Creative License PDF ePub eBook

Books Info:

Creative License free pdf How did the Depression-era folk-song collector Alan Lomax end up with a song-writing credit on Jay-Z's song "Takeover"? Why doesn't Clyde Stubblefield, the primary drummer on James Brown recordings from the late 1960s, including "Funky Drummer" and "Cold Sweat," get paid for other musicians' frequent use of the beats he performed on those songs? The music industry's approach to digital samplingoincorporating snippets of existing recordings into new onesoholds the answers. Exploring the complexities and contradictions in how samples are licensed, Kembrew McLeod and Peter DiCola interviewed more than 100 musicians, managers, lawyers, industry professionals, journalists, and scholars. Based on those interviews, Creative License puts digital sampling into historical, cultural, and legal context. It describes hip-hop during its sample-heavy golden age in the 1980s and early 1990s- the lawsuits that shaped U.S. copyright law on sampling- and the labyrinthine licensing process that musicians must now navigate. The authors argue that the current system for licensing samples is inefficient and limits creativity. For instance, by estimating the present-day licensing fees for the Beastie Boys' Paul's Boutique (1989) and Public Enemy's Fear of a Black Planet (1990), two albums from hip-hop's golden age, the authors show that neither album would be commercially viable today. Observing that the same dynamics that create problems for re-mixers reverberate throughout all culture industries, the authors conclude by examining ideas for reform.

About Kembrew McLeod

Kembrew McLeod is Associate Professor of Communication Studies at the University of Iowa. He is the author of Freedom of Expression(R): Resistance and Repression in the Age of Intellectual Property and Owning Culture: Authorship, Ownership, and Intellectual Property Law, and co-creator of the documentary film Copyright Criminals. Peter DiCola is Assistant Professor at Northwestern University School of Law. He is a board member and former Research Director of the Future of Music Coalition.

Details Book

Author : Kembrew McLeod
Publisher : Duke University Press
Data Published : 25 May 2011
ISBN : 0822348756
EAN : 9780822348757
Format Book : PDF, Epub, DOCx, TXT
Number of Pages : 325 pages
Age + : 15 years
Language : English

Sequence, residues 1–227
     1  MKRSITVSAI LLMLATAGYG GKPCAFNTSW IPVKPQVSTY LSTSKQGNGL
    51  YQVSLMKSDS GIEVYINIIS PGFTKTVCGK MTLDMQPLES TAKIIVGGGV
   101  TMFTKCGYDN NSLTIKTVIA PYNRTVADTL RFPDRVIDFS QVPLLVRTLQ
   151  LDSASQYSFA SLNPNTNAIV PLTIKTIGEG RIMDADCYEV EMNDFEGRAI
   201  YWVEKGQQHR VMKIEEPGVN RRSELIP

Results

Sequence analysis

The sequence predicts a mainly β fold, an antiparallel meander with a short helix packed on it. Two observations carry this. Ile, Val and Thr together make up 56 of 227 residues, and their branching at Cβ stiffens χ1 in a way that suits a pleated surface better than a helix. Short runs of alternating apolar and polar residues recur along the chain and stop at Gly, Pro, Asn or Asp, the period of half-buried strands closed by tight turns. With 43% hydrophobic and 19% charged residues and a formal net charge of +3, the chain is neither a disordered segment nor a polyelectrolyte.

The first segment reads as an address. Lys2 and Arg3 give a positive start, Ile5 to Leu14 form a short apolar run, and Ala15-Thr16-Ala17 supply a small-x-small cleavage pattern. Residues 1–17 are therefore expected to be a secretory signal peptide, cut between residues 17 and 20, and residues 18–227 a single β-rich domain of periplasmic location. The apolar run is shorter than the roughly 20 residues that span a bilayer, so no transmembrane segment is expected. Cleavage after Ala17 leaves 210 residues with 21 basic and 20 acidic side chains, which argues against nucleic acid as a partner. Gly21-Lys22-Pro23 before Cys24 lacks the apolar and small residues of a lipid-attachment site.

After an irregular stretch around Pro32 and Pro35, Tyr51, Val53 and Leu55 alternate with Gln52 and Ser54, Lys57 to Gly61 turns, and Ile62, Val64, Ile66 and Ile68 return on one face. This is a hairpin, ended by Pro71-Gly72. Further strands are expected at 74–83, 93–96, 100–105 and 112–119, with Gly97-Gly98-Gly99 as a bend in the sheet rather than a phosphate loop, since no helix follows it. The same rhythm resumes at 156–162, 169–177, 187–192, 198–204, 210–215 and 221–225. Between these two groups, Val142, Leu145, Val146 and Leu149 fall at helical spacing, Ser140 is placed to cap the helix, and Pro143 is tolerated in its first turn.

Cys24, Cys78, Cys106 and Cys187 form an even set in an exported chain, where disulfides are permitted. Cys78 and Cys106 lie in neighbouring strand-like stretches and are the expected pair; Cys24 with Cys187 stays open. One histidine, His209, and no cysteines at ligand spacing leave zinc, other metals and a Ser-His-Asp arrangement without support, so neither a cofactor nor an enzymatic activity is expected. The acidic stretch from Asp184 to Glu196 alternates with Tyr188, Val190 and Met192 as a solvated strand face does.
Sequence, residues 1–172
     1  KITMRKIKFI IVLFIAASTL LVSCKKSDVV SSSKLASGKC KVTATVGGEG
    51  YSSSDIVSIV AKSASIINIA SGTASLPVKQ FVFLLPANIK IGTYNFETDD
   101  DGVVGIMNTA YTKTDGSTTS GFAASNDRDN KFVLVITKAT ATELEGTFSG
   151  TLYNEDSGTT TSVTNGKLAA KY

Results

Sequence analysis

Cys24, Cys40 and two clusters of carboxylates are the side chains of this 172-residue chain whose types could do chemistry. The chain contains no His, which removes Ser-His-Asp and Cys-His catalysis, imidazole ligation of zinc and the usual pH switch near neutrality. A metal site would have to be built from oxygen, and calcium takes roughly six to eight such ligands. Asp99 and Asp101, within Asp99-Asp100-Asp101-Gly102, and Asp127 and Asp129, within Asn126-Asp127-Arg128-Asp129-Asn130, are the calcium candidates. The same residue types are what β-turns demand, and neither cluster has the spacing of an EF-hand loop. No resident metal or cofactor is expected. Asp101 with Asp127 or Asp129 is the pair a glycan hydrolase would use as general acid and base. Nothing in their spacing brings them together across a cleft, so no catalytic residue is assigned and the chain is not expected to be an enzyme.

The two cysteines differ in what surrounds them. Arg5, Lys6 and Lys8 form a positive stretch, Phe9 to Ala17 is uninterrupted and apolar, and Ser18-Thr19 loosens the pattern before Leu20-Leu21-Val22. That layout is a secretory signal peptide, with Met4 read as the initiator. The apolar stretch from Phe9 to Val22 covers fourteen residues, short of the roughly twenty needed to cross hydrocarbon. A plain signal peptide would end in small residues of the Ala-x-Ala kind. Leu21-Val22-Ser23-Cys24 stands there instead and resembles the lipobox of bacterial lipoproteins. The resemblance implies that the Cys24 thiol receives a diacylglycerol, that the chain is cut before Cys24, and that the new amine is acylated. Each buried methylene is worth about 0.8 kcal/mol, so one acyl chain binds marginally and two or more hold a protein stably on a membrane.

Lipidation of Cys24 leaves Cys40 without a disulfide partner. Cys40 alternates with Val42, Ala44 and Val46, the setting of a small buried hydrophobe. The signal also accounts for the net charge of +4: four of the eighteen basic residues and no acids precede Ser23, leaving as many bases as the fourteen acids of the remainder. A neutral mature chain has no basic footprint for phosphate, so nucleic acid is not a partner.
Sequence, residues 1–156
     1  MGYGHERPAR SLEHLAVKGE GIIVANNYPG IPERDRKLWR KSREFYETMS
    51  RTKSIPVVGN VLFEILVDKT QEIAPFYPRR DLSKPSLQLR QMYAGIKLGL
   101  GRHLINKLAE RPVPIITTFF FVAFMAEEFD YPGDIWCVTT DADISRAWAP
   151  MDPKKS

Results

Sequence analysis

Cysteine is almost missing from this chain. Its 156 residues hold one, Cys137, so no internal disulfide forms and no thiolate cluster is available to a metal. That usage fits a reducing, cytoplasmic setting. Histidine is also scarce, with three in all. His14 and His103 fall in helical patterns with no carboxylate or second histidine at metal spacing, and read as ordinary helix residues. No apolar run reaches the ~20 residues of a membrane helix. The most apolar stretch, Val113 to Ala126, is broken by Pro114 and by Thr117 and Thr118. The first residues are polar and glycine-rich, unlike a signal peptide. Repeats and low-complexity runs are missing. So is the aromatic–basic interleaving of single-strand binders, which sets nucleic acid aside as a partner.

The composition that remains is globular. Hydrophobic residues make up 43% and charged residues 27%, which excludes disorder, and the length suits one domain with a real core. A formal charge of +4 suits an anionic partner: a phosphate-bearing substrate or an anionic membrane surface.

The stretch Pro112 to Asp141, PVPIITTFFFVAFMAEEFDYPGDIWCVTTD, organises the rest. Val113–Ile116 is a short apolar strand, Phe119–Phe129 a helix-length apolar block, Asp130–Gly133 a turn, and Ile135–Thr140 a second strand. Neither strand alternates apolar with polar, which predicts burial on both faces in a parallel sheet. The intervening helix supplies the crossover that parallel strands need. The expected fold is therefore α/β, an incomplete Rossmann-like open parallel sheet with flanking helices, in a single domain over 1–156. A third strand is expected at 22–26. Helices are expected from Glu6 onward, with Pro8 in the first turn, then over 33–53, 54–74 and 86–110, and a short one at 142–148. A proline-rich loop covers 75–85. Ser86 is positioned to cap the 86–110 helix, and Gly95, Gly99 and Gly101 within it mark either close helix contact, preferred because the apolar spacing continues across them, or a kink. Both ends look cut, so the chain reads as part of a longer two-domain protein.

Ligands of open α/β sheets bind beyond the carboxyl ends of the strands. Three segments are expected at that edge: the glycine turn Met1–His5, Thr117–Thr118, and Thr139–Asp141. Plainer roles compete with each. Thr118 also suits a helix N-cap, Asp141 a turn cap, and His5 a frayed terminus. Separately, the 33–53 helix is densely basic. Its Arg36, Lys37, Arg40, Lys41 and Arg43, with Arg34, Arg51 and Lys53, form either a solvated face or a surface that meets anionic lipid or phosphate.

Rating :

Reviews Creative License

17 Comments Add a comment

Related eBooks Download

  • Party Music free pdfParty Music

    Examining the culture and politics of the Black Power era of the late 1960s. this book explores the relationship of soul music to the Black Power movement from the vantage point of the musicians and black revolutionaries themselves..

  • Fado Portugues free pdfFado Portugues

    26 songs in melody line arrangements for voice and guitar. with chord boxes and full lyrics in English and Portuguese. Fully illustrated throughout with background notes for each song. Includes a CD containing classic recordings of every song in the book performed by the original artist..

  • Song Title Series - The Rat Pack free pdfSong Title Series - The Rat Pack

    In this book "The Rat Pack" Frank Sinatra. Dean Martin and Sammy Davis Jnr. have all contributed song titles from the albums that they made together. Legally I can not use Lyrics or Music because of Copyright but I can use song titles so a total of 1337 song titles (Italicized) have been used to make the following story possible..

  • Sampling Media free pdfSampling Media

    This book puts sampling studies on the academic map by focusing on sampling as a logic of exchange between audio-visual media. While some recent scholarship has addressed sampling primarily in relation to copyright..

  • Meet the Musicians free pdfMeet the Musicians

    With exclusive interviews with musicians of the New York Philharmonic. helpful hints. and a kid-friendly approach. this book is an all-access guide to the world of classical music..

  • Creative License free pdfCreative License

    . How did the Depression-era folk-song collector Alan Lomax end up with a song-writing credit on Jay-Z's song "Takeover"? Why doesn't Clyde Stubblefield, the primary drummer on James Brown recordings